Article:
The 1990 film unfortunately perpetuated all of these traits, and I hoped that Zemeckis’s version would take pains to shift its witches far away from this stereotype. But it’s not clear if any attempt was made to remove the story’s discriminatory bits. At least the hooked noses are gone. Even so, there’s a lot of anti-Semitic coding ported over, especially when you’re also trying to signal a commitment to diversity by casting Black actors (and an entirely atonal Chris Rock as narrator) to deliver this story. It seems as though zero forethought or even insight went into the portrayal of the witches; and honestly, perhaps this movie needed to hire a culture critic as a consultant in order to save it from itself.

Perhaps that lack of insight about the film’s symbolism and coding is why everything else in The Witches just feels so off-kilter. There are shoehorned CGI mouse adventures that don’t feel remotely fun; the CGI effects feel flattened against the perpetually pastel tones of this movie, and our talking mice are given very little character development outside some cursory backstory (and some obligatory fat-shaming of Boy’s portly friend Bruno, because it wouldn’t be a Roald Dahl adaptation without some fat-shaming). And given Stanley Tucci’s vacillating faint Southern accent, for example, he doesn’t seem to be entirely sure where he is, just like it’s not entirely clear whether racism exists in this universe or not.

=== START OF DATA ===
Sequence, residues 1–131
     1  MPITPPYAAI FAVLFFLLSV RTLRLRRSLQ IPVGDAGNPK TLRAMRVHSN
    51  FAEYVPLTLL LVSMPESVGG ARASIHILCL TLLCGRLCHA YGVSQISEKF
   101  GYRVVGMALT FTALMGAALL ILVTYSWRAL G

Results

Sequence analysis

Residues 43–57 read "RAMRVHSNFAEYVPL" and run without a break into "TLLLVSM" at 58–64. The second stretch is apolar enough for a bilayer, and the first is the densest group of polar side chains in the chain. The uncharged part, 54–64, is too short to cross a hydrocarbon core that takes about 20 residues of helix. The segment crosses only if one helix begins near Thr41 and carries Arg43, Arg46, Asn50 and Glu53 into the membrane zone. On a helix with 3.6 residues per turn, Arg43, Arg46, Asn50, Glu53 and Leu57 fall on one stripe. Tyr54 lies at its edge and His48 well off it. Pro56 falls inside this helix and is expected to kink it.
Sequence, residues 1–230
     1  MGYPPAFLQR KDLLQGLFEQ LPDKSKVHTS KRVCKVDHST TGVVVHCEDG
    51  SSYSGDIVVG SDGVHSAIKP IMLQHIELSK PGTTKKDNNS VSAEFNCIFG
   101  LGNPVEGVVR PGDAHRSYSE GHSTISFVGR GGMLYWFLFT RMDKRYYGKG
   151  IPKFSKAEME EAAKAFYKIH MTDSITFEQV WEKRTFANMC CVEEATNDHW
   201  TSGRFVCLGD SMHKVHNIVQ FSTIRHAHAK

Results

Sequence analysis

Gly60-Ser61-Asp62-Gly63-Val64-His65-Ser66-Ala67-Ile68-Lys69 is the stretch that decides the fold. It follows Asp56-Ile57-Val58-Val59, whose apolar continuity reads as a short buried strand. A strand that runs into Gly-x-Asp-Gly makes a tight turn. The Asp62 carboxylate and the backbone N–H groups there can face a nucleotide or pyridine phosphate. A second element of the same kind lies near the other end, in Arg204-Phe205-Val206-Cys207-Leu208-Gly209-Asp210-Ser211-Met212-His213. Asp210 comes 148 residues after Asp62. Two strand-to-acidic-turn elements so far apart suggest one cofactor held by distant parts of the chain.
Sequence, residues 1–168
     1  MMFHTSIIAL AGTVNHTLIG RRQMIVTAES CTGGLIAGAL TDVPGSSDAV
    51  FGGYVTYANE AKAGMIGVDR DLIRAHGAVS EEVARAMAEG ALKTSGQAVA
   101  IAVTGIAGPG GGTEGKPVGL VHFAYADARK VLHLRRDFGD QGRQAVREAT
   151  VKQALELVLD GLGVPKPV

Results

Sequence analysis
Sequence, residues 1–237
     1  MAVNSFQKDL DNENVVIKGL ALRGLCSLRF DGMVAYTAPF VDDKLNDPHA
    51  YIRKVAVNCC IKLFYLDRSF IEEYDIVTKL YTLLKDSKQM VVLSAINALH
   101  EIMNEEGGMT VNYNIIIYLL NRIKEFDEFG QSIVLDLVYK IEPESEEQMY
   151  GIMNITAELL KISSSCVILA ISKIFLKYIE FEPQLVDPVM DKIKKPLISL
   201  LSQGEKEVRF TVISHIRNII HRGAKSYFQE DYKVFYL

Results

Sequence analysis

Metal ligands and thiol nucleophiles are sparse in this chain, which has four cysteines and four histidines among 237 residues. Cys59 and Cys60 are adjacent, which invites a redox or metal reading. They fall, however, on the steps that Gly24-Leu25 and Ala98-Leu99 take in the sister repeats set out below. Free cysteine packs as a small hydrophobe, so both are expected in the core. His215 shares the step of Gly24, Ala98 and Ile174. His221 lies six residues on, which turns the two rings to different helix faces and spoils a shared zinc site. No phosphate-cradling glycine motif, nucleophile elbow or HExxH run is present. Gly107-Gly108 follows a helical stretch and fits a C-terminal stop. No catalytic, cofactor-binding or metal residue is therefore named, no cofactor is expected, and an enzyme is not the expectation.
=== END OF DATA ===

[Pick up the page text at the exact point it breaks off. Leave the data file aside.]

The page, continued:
Y’all, Kristin Chenoweth is in this film, and I was so discombobulated I didn’t even notice her — that’s how weird this film is.

The Witches is a children’s film, and perhaps this deep overanalysis proves that children’s films should never be subjected to this much rigorous scrutiny. But children’s films that endure are the ones that remain compelling in adulthood. With The Witches, so little thought has gone into the process of creation that it seems as though it’s destined to be a lesson in how not to adapt a problem-laden story for the 21st century.

It’s a cautionary tale, alright — just not the one the director intended to make.

Correction: A previous version of this article misstated Zemeckis' religion. He is Catholic.